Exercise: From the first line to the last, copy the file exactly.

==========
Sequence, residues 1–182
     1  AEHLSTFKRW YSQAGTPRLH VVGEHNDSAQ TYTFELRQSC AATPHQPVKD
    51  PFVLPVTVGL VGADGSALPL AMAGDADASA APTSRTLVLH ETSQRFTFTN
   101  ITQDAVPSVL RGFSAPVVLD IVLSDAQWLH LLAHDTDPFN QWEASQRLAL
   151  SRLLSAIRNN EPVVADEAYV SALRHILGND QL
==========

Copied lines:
Sequence, residues 1–182
     1  AEHLSTFKRW YSQAGTPRLH VVGEHNDSAQ TYTFELRQSC AATPHQPVKD
    51  PFVLPVTVGL VGADGSALPL AMAGDADASA APTSRTLVLH ETSQRFTFTN
   101  ITQDAVPSVL RGFSAPVVLD IVLSDAQWLH LLAHDTDPFN QWEASQRLAL
   151  SRLLSAIRNN EPVVADEAYV SALRHILGND QL